Ex­plo­ration of ex­plo­ration: A cau­tion­ary tale

The Expositor (Brantford) - - WEEKEND - RICK GAM­BLE CROSS CUR­RENT

Through­out his­tory, ex­plo­ration was the one field re­ally go­ing places. Ad­ven­tur­ers, schol­ars and trea­sure-seek­ers opened the world, and their story car­ries a pow­er­ful les­son: be care­ful what you go look­ing for, and what you’re will­ing to do to find it.

Though it’s not widely known, much of the world was “dis­cov­ered” be­cause rich and pow­er­ful peo­ple be­lieved in a lost Chris­tian king­dom that amounted to heaven on Earth. The ru­mours started in 1145.

Ac­cord­ing to the pre­vail­ing story, the par­adise was ruled by Prester John, a Chris­tian king de­scended from the Three Wise­men. His realm was some­where in the east, and filled with gold, jew­els, spices and ex­otic crea­tures, all un­der con­stant threat by sur­round­ing en­e­mies.

There was no crime or vice in the king­dom, which was also home to the Foun­tain of Youth.

So, begin­ning with Pope Alexan­der III, the wealthy and in­flu­en­tial sent out mas­sive ex­pe­di­tions to find Prester John and his peo­ple and, in the process, huge swathes of In­dia and other Asian coun­tries were mapped. When the no­bil­ity de­cided the elu­sive king­dom wasn’t there, they turned to Ethiopia and the rest of Africa, open­ing the door to slav­ery and the colo­nial ex­ploita­tion of the whole con­ti­nent.

Al­most 400 years later, it was a sim­i­lar story when word spread of El Do­rado, an en­tire city made of gold, lost in the deep jun­gles of South Amer­ica. The myth set in mo­tion a mad search by the likes of English­man Sir Wal­ter Raleigh and Span­ish con­quis­ta­dor Her­nan Cortes, who rav­aged Mex­ico and mas­sa­cred most of the Aztecs.

In places like Colom­bia and Venezuela, trea­sure-seek­ers look­ing for leads tor­tured and en­slaved in­dige­nous peo­ple and plun­dered what­ever was worth tak­ing.

Even the North Pole was caught up in a sim­i­lar hys­te­ria. In the 16th cen­tury, ex­plor­ers be­lieved the roof of the world was cov­ered by a warm open sea. They thought the area’s six months of con­tin­ual day­light would melt any ice that might oth­er­wise sur­face, mean­ing there must be an easy short­cut atop Canada to the riches of Asia.

It set off a fu­ri­ous race to be first across.

Dozens of lives were lost. The dream of a clear North­west Pas­sage just be­yond the ini­tial ice per­sisted un­til 1881 when Ge­orge Wash­ing­ton De Long and 19 oth­ers per­ished in a re­lent­less pur­suit of what we now know was pure fan­tasy.

Be care­ful what you go look­ing for, and what you’re will­ing to do to find it.

It’s not that there’s any­thing wrong with want­ing to ex­plore un­charted ter­ri­tory in our lives. Growth and op­por­tu­nity arise when we open our­selves to new op­tions and take a chance on new chal­lenges. We all need to put aside fear and com­pla­cency to step out­side our com­fort zone and embrace a mea­sure of risk, ad­ven­ture and un­cer­tainty.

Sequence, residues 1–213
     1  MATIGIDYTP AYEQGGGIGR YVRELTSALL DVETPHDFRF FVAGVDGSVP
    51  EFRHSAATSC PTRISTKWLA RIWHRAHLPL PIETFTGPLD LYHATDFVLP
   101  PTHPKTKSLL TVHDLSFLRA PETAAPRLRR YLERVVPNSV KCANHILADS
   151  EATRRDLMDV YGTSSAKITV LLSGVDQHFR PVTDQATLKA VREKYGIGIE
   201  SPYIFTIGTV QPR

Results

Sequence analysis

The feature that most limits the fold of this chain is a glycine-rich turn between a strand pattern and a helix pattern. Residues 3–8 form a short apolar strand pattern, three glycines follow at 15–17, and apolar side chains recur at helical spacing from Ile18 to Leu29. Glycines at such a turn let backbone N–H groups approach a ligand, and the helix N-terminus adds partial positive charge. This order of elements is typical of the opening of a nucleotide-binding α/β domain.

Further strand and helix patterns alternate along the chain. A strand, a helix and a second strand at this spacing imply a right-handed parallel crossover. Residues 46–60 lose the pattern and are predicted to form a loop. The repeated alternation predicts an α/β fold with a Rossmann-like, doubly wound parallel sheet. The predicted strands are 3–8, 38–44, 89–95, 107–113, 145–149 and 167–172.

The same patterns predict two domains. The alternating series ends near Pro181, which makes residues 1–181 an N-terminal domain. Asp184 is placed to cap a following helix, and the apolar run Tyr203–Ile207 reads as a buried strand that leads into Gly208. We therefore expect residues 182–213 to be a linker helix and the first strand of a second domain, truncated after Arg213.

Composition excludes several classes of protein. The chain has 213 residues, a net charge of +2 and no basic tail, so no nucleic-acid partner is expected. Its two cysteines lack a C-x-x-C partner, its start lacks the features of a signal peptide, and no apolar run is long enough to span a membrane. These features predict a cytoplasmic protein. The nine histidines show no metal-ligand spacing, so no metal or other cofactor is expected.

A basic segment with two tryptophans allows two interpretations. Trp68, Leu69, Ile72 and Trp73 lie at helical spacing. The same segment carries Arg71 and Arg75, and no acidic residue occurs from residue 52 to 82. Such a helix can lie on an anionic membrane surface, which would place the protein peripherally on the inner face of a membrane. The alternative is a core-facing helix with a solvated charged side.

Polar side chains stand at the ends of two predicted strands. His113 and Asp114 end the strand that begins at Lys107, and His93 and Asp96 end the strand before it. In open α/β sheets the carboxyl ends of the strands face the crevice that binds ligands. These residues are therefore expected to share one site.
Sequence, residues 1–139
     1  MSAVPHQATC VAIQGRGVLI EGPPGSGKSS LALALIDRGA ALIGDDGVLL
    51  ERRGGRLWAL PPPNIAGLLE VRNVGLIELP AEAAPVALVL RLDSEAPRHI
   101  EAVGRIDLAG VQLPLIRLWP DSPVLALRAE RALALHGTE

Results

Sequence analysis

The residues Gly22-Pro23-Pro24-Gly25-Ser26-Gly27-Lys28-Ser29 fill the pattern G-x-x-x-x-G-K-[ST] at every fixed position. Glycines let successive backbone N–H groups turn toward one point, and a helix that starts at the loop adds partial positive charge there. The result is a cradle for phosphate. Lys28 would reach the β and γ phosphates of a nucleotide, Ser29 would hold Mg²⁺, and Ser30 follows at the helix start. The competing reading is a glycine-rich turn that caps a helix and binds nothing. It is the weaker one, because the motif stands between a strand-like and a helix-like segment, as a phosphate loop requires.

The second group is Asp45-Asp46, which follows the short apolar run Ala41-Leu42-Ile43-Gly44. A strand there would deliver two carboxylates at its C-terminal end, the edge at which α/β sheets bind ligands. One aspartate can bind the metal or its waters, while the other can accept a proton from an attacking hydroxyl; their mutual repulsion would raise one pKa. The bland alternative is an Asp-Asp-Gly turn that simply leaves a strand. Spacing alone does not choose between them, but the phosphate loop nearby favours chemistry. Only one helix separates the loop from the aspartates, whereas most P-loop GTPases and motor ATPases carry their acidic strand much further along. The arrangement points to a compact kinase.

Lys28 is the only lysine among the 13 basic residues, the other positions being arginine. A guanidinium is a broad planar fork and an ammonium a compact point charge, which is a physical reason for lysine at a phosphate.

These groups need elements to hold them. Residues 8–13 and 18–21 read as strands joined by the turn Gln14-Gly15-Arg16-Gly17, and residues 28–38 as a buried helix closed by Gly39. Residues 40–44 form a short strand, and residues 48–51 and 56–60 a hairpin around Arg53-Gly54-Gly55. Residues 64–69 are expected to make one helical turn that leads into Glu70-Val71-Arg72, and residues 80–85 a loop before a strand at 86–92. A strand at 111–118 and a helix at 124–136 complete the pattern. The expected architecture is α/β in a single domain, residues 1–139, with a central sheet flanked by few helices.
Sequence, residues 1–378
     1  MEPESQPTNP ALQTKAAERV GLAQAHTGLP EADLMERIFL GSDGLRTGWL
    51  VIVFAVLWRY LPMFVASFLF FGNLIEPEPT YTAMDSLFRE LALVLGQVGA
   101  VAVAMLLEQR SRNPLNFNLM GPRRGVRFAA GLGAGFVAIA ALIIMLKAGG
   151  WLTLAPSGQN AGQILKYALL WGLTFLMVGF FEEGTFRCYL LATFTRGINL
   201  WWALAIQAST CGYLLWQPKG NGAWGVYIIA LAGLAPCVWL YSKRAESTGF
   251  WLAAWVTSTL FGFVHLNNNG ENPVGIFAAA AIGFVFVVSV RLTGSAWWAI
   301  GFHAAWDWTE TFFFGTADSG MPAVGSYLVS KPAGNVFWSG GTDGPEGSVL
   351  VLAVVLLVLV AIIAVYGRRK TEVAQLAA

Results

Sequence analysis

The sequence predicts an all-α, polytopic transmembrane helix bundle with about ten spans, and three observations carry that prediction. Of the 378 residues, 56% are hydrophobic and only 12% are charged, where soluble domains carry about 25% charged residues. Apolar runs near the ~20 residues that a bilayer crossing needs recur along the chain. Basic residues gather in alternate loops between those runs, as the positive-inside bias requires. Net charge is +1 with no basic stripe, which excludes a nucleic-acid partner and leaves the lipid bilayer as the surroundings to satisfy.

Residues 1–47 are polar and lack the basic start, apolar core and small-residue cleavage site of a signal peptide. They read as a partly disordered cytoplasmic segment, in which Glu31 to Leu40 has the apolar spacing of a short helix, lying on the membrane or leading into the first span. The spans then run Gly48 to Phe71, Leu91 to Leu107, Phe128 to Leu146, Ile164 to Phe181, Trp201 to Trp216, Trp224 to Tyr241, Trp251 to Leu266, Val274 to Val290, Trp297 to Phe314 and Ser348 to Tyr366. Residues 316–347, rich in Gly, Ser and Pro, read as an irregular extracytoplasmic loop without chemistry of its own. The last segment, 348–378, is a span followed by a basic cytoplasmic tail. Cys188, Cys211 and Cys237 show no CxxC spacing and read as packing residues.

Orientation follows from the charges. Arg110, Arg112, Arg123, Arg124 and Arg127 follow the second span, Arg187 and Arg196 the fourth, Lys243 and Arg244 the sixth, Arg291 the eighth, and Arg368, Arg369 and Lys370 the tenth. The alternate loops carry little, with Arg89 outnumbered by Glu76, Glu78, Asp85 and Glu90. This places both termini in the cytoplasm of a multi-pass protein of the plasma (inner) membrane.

It keeps us mo­ti­vated and in­ter­est­ing. Ex­plo­ration stretches, broad­ens, and ma­tures us. It stops us from get­ting stale, staid and stag­nant.

But only if we’re look­ing for the right things, for the right rea­sons. So let’s be clear. There’s no heaven on Earth; no place of per­fec­tion.

You won’t find it in a new re­la­tion­ship, a new job, a new tax bracket or a new church. Even if those things were per­fect, your own hu­man­ity would soon mess things up.

Yet we of­ten dis­miss or sac­ri­fice rich bless­ings right in front of us to go in search of myth or fan­tasy, per­haps be­cause we think we’re miss­ing out, or we’re afraid of get­ting older (many are still look­ing for that Foun­tain of Youth), or we’re bored and de­luded into think­ing happiness will be found in the new and novel.

To­day re­minds me of an­cient Athens where the peo­ple “seemed to spend all their time dis­cussing the lat­est ideas” (Acts 17:21), and pur­su­ing the lat­est things, no doubt. Let’s re­mem­ber there will al­ways be The Next Big Thing, whether it’s a de­vice, a diet or a delu­sion about what will bring us last­ing happiness.

As peo­ple of faith, we’re to hon­our God and serve oth­ers. But end­less com­par­i­son with ev­ery­body else leads to deep dis­con­tent­ment with what we have and how we live, es­pe­cially when fu­elled by pop­u­lar cul­ture and so­cial me­dia.

So check your mo­tives. Don’t slip sub­con­sciously into envy, cov­etous­ness, com­pe­ti­tion, or the need for pop­u­lar­ity and ap­proval. All of that makes it eas­ier to ex­ploit oth­ers to serve our own greed or am­bi­tion.

And, keep in mind, there is no quick and easy pas­sage to pros­per­ity or pro­fi­ciency. To para­phrase Proverbs 21:15, “Good plan­ning and hard work lead to suc­cess, but hasty short­cuts lead to disas­ter.”

The shift­ing ice of envy is still deadly, es­pe­cially when it traps us in a place where we’re not will­ing to put in the time and ef­fort that brought suc­cess to those we re­sent. “I’d give my life to play like you,” a woman once said to mas­ter vi­o­lin­ist Fritz Kreisler (18751962). “I did,” he replied.

Ex­pand your hori­zons. Ex­plore your pos­si­bil­i­ties. Ex­pend your en­ergy. But only in the pur­suit of what’s real and truly valu­able. Or the only thing you’ll dis­cover is your own stu­pid­ity.

Share your thoughts with Rick Gam­ble at info@fol­low­ers.ca. He pas­tors an in­de­pen­dent, non-de­nom­i­na­tional church in Brant­ford called Fol­low­ers of Christ (www.fol­low­ers.ca) and teaches Me­dia at Lau­rier Brant­ford.


The dream of a clear North­west Pas­sage through the Cana­dian Arc­tic per­sisted un­til 1881 when Ge­orge Wash­ing­ton De Long and 19 oth­ers per­ished in a re­lent­less pur­suit of what we now know was pure fan­tasy. writes colum­nist Rick Gam­ble.

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